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The device helps surgeons to measure ligament tension in a knee before cutting bone.

The device enables surgeons to achieve an ideal ligament-tensioning force. Credit: Smith+Nephew.

Smith+Nephew has launched a new handheld digital tensioning device, known as the CORIDigital Tensioner, for robotically enabled total knee arthroplasty.

Surgeons can use the device, which is claimed to be a first-of-its-kind, for the measurement of ligament tension in a knee before cutting bone.

Dr Bertrand Kaper from the HONORHEALTH Medical Group and Orthopedic Specialists of Scottsdale carried out the first commercial surgery using the CORI Digital Tensioner.

Kaper said: “The integration of this dedicated soft tissue tensioning device brings a new realm of objective data to the technique of knee replacement.

“The surgeon is now able to collect joint laxity data in a proactive manner to assist with the visualisation, planning and execution of the patient’s surgery in real-time.”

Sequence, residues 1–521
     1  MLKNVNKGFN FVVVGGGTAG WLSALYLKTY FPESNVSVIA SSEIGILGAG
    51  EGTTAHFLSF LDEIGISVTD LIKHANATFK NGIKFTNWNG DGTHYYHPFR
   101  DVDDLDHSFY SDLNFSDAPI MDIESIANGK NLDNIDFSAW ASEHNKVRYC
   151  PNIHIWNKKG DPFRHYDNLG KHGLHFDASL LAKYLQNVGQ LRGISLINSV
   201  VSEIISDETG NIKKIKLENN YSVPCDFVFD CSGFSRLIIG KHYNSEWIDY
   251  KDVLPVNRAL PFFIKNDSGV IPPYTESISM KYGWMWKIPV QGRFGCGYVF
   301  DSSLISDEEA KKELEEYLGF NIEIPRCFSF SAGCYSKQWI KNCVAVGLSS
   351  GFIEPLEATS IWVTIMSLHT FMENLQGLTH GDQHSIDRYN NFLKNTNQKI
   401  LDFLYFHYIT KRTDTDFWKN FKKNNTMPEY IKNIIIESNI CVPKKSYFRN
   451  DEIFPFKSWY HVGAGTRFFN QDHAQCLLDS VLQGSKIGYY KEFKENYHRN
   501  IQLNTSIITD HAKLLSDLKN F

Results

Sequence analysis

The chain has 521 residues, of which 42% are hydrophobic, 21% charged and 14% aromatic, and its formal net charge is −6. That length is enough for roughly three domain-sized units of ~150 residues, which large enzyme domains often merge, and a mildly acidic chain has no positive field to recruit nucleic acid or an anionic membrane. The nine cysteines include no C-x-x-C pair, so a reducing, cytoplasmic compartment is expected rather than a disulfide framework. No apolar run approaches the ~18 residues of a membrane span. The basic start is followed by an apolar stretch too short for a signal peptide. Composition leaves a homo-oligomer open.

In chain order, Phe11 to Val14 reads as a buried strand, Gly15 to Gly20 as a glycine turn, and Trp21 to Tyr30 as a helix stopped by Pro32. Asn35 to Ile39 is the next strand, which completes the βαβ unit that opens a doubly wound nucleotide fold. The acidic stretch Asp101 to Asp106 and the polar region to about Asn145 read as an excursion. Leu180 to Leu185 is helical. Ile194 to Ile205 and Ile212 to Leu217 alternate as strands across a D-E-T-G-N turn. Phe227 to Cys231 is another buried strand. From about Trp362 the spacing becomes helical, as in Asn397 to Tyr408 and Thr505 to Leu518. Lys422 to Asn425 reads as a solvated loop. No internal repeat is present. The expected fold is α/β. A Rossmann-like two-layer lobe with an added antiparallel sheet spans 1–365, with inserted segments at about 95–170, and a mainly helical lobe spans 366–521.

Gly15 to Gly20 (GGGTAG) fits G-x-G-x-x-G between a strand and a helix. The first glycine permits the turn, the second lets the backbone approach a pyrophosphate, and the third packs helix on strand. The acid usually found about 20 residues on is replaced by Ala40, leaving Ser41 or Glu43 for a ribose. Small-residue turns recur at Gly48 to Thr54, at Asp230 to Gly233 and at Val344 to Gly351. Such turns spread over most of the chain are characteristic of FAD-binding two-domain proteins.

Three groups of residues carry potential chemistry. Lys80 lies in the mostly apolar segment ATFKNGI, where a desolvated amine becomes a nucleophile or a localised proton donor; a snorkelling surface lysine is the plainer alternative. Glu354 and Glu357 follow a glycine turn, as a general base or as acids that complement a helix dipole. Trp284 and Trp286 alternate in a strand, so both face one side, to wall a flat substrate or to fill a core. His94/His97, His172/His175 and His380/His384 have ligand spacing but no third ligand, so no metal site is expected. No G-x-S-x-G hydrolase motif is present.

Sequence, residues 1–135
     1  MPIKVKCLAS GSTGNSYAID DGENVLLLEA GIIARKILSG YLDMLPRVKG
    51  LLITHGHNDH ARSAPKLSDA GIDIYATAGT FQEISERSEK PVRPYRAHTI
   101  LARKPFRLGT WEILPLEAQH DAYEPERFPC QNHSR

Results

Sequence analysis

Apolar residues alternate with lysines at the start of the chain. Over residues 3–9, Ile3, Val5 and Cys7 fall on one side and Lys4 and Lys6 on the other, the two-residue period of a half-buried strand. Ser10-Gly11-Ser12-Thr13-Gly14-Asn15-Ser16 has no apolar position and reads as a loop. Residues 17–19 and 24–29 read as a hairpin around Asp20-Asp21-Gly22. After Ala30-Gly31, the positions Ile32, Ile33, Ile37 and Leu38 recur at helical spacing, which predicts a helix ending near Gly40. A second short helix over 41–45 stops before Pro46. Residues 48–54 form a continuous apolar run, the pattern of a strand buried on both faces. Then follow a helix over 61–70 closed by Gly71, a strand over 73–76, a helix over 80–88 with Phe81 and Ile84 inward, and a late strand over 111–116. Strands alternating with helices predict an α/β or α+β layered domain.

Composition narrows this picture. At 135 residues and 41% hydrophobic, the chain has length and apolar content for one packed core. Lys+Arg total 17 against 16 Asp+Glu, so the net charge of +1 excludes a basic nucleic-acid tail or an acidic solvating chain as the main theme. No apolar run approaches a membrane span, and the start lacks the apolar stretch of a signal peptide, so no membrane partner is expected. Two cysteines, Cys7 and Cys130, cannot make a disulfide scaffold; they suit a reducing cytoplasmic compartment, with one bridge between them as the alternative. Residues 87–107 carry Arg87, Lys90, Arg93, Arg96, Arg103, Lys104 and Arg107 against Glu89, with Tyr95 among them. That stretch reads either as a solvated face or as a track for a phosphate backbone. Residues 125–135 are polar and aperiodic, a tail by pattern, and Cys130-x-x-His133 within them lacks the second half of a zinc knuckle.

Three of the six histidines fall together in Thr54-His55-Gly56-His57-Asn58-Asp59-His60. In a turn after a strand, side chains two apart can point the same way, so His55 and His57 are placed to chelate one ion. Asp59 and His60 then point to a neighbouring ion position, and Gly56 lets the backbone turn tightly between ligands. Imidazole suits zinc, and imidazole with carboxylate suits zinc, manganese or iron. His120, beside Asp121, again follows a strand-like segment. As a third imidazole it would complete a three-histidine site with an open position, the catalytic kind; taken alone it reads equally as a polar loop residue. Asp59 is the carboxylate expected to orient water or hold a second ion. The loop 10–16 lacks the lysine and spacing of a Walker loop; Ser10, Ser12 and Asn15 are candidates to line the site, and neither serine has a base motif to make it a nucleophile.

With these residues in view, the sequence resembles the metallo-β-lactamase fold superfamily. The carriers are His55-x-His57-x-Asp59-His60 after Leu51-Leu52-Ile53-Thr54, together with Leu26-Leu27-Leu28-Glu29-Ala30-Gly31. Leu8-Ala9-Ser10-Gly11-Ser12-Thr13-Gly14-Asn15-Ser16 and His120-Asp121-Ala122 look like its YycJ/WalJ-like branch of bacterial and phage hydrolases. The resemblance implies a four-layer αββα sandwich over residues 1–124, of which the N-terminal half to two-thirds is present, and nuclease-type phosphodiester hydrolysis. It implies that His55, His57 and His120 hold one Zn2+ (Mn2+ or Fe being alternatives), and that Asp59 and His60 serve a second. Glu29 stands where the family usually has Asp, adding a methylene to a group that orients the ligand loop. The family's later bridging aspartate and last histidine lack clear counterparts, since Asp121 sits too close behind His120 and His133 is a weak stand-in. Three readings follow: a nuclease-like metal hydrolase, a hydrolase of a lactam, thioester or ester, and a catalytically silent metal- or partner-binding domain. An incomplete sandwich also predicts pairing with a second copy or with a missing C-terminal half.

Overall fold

The device assists in reducing variability when balancing the knee in surgery by allowing the surgeon to quantify joint laxity in the native knee and achieve an ideal ligament tensioning force.

It generates a force that is determined by the surgeon to distract the knee joint, maintain a consistent tension in the ligaments and offer objective gap information to assist with the planning and execution of the surgical procedure.

The software interface incorporated in the device facilitates surgeons to select their desired target force value. It also automates gap data collection at a specified force through the full range of movement.

According to a small clinical case series, the device was found to decrease tensioning variability by 64% compared to a manual technique.

Earlier this month, Smith+Nephew entered an exclusive agreement with Navbit to distribute the latter’s disposable navigation device in Japan.